Last Tuesday, November 16th,District of Columbia leaders turned down an offer for increased self-governance due to a condition they believed was unacceptable.
The offer was straight forward—Republicans controlling the U.S. House of Representatives drafted legislation that would at long last, free DC, at least the District’s budget, by ending the required process of review and approval by the federal government. Since this process has been linked to the federal government’s own budget, DC finances have often been held hostage and the DC government has even had to shut down, suspending trash collection and other services, during periodic political tugs of war between Congress and the President. Making DC autonomous of the federal budget cycle, which begins every October 1, would have provided the District increased stability, allowed local officials to fix a financial calendar that coincides with the public school year, and saved money DC is forced to spend preparing for federal shutdowns.
And the catch—in return for “budget autonomy,” DC would be permanently barred from funding elective abortions (performed for non-medical reasons) for low income women. Currently, the District government is already banned from funding elective abortions through the remainder of FY 2011.
According to the DC Department of Health Care Finance, elective abortions are relatively a minor expense out of the agency’s billion dollar plus budget. Per the agency’s figures, just 117 such procedures were funded to the tune of $65,000, before the program was terminated. The District’s funding of elective abortions was initially terminated by a measure passed by Congress in 1996, described as the Dornan Amendment. During the first year of the Obama Administration, in 2009, Congress overturned the 13-year old abortion ban.
This year, after Republicans took control of the House of Representatives, the District’s local funding for abortions became a prized target for conservatives looking for quick ways to score points with their tea-party supporters who swept them into power. This spring, Republicans made the District’s abortion funding a negotiating point in debate over a federal spending package for FY 2011. To avert a government shutdown, the President himself is quoted to have told Republican House Speaker that “I will give you D.C. abortion.”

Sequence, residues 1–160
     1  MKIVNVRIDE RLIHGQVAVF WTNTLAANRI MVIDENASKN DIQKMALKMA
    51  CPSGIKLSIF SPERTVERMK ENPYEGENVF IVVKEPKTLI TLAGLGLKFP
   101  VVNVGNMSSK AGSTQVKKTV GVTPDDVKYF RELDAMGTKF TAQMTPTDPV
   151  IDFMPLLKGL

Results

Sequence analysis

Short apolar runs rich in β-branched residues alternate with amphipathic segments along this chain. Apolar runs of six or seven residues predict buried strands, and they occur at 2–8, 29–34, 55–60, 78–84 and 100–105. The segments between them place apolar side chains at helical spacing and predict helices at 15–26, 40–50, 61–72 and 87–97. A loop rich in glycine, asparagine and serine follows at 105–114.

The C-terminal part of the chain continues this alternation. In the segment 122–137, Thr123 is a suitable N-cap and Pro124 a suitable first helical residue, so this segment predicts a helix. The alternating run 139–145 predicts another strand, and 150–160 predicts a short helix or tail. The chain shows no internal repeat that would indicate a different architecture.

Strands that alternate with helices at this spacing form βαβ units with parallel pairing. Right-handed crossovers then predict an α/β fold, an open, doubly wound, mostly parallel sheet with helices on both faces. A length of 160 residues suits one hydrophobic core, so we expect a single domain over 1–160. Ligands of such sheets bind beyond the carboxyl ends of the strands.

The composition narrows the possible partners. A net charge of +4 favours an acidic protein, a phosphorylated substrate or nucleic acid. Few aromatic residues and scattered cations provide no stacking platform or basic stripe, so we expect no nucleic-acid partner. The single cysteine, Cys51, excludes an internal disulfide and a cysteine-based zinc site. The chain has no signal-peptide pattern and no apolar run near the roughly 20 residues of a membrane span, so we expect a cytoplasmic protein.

News of this compromise sparked outrage amongst DC rights activists and politicians, leading to the arrest of the Mayor and other District rights supporters, 72 in all.
With the national sympathy for the District generated by the arrests, Congressman Darrell Issa (R-Calif.) chairman of the House Oversight and Government Reform Committee, responsible for overseeing the District’s affairs, proposed the compromise to avoid a similar showdown and to make the abortion ban permanent, rather than being required to renew the ban annually.
The Civics Lesson
Someone new to the District or DC politics may not realize the significance of “budget autonomy” or might be confused why the federal government is responsible for local public health priorities.
The issue boils down to statehood, or the lack thereof says Anise Jenkins, President of Stand Up! for Democracy in DC. “So long as DC is denied full statehood, we will continue to be faced with games like as the recent deal [for increased financial freedom],” says Jenkins. As one of the activists arrested along with the Mayor earlier this year, and the only one cleared of all charges stemming from their act of nonviolent civil disobedience, Jenkins believes that on principle, the proposal to exchange abortion rights for financial freedom, was no deal at all.
American University Law School constitutional law professor Jamin Raskin concurs, and adds that the District’s unique status makes it a constant magnate for political gamesmanship. Raskin notes that the “District Clause” in the U.S. Constitution gives Congress the power to “exercise exclusive Legislation in all Cases, whatsoever, over” the District, as “the Seat of the Government of theUnited States.” Apparently, the Framers were motivated by their interests to ensure that the federal seat of government would not be unduly influenced by the state in which it might be located.
However, Raskin appreciates the importance of the District’s budget autonomy. “Had the deal made its way into law, it would have been the most significant expansion of DC’s power in the history of Home Rule [the 1970 era law creating the District as a separate city-state],” states Raskin.
Yet even for Anita Bonds, Chairwoman for the District’s Democratic Party organization and a former senior DC official, DC leaders were right to reject the deal, for “GP” general principle.
“Am I happy that we had to give up budget autonomy, no,” said Bonds. “Nonetheless, [rejecting Rep. Issa’s offer] was a political act…you have to fall on the sword for principle.”
And as Bonds points out, “politics can be painful.”